Are Miracles Possible?

In the book “I don’t have enough Faith to be an Atheist”, authors Geisler and Turek bring up an argument from Benedict Spinoza.  The form of his argument is as follows.

  1.     Miracles are violations of natural laws.
  2.     Natural laws are immutable.
  3.     It is impossible to violate immutable laws.
  4.     Therefore, miracles are impossible.

As in any syllogism like this, the people in the conversation need to look at three things.   First, we would need to make sure that we have defined our terms and that there is no equivocation here.  Next, we need to look at if the premises are true, logically and empirically.  Last, we need to make sure that the conclusions logically flow from premises.

Is this argument logically valid in its current form?  If the premises are true, then the conclusion does logically follow.  Let’s look at the words, make sure that we understand all of our terms and that we are using them consistently throughout.   In premise one, it states that miracles are violations of natural laws.  This is just one of many definitions that Christians and the Bible use.  The definition is clearly making a distinction between nature and other “things”, presumably supernatural things.  But, why do we need to make this distinction?  If God exists and He is the cause of all things, there is no reasonable explanation for why God is not interacting with His creation at all times.  In the words of Peter Kreeft, “If he banged out the Big Bang, he can certainly bang out little bangs.”

The first premise is not, in a theistic worldview, one which I would agree with. Therefore it would call into question whether or not it is true.  If it is possibly false, then the rest of the premises are also false, making the conclusion false.

But let’s grant the definition of miracle as a violation of natural laws for the sake of the discussion.  The second and third premises are question begging and circular.  Premise two defines natural laws as laws that are immutable, or unchanging over time, then they are impossible.  This is just defining the conclusion into being true and this isn’t reasonable.  The only way that someone could make the statement, “natural laws are immutable”, is if they were to have tested all laws, at all times, at all places in the universe or they would have to be omniscient.  Only God can possess that quality.  I would then just refer them back to the fact that there is no reason to assume that if God does exist He could not violate the laws that He set up.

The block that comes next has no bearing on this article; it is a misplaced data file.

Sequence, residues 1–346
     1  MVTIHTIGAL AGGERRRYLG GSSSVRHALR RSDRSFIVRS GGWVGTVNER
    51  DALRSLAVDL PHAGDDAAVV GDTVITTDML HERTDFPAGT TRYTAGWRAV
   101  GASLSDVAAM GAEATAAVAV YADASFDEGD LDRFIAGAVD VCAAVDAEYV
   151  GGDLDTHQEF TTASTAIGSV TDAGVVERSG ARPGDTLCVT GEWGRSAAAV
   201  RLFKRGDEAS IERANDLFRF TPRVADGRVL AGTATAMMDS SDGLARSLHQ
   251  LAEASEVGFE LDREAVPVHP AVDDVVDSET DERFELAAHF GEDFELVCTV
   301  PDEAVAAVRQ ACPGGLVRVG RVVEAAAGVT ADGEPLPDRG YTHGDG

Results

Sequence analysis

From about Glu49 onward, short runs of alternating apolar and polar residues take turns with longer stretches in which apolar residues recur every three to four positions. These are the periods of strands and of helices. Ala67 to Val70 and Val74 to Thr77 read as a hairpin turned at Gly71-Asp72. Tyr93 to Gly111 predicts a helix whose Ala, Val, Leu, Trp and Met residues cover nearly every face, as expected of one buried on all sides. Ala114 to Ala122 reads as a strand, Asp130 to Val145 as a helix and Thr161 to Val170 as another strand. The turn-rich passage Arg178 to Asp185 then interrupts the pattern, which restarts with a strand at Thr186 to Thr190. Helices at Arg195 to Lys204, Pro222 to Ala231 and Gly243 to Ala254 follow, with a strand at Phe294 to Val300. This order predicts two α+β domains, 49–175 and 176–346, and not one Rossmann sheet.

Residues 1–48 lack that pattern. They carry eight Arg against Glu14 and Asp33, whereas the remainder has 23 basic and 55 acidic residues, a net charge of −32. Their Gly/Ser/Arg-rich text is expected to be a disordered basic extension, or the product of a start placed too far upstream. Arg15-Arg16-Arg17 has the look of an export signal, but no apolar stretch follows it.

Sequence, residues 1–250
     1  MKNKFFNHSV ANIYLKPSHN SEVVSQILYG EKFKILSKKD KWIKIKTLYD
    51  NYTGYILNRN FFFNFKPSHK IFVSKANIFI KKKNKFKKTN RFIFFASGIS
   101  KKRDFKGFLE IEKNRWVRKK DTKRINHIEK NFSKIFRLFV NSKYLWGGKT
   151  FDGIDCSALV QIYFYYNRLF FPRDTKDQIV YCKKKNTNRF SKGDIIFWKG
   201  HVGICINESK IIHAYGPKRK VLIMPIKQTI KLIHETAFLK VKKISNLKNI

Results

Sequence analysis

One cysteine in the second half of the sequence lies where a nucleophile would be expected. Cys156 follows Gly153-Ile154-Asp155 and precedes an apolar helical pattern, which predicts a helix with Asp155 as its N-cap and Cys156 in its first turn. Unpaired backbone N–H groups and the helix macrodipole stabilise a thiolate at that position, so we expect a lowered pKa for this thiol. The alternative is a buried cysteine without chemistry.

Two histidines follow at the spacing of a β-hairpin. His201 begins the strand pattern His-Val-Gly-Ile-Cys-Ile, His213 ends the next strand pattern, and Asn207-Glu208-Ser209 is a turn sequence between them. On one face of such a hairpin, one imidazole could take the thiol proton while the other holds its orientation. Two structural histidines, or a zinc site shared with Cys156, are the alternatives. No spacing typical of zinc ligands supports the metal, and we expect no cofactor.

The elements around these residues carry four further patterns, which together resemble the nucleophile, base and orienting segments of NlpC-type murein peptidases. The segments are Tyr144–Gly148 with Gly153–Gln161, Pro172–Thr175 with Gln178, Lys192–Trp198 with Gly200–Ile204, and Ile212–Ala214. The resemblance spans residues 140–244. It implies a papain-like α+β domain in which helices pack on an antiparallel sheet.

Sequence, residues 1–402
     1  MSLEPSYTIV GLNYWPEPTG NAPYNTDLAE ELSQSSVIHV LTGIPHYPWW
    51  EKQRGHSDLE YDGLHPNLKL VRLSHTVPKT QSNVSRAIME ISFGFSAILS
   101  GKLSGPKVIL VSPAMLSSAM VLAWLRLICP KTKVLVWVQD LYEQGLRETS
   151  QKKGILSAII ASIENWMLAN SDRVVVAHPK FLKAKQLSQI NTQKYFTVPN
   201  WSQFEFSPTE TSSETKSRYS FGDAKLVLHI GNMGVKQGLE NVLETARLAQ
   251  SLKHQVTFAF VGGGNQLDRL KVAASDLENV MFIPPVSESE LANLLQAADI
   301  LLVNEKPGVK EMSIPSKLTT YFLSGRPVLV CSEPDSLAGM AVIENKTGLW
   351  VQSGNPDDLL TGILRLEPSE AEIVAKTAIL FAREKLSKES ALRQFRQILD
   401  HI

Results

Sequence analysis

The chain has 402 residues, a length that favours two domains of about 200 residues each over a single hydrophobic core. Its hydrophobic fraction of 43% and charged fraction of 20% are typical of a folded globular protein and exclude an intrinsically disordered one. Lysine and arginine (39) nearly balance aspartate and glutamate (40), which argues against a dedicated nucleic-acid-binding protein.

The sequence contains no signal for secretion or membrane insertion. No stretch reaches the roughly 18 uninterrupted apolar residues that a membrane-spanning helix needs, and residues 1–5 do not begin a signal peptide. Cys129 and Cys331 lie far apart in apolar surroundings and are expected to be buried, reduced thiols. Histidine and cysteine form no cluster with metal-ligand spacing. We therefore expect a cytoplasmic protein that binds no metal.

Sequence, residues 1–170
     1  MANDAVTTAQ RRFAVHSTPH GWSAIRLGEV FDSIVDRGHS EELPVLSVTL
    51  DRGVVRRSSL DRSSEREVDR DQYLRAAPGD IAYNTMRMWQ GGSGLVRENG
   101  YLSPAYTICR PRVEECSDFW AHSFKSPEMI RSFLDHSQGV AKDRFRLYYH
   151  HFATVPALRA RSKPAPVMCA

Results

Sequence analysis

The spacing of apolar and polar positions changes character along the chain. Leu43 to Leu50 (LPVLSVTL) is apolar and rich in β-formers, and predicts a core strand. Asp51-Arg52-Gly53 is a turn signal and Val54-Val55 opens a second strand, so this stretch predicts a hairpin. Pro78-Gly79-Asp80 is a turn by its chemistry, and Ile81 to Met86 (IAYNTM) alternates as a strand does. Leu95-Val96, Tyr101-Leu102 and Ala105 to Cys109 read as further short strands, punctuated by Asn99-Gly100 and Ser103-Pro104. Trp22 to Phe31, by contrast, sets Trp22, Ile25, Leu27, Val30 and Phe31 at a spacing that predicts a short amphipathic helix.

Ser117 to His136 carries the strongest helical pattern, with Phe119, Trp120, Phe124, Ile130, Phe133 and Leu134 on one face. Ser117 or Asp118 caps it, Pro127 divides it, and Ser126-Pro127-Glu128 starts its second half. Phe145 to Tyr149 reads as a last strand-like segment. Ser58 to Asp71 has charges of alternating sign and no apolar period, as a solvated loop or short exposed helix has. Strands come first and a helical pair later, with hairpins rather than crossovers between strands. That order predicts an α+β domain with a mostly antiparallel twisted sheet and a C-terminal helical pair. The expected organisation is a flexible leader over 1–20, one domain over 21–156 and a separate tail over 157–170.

Once we have dismantled the argument that says: miracles are impossible, it leaves the option that miracles can happen. The miracle, like the resurrection of Jesus, is open for discussion or at least makes the resurrection possible.  The question then becomes: do we have good reason to support the resurrection? We know of it because of  the testimony of the early eyewitnesses to the resurrection of Jesus.  According to scholars like Richard Bachman, in his book, “Jesus and the Eyewitnesses”, and Gary Habermas, the answer would be, yes. We do have good reason to trust their testimony.  This, in turn, makes the miracle of the resurrection not only probable, but reasonable and likely given the facts.

In any apologetic conversation, I make sure that I am not creating a straw-man and then knocking it down.  The most effective way to not commit the straw-man fallacy is to start with asking a series of questions, which allows the other person to lay out their view and for me to ask questions until I fully understand their view.   I am making the assumption, the argument I have laid out is the one the other person could agree with.   Often times, people don’t know how to put their view into a logical form.  When I am teaching or mentoring, I try to do my best to help, so it is easier to have the conversation.  It allows us to build off of something, work through the words, the truth of each premise, and the logical flow.


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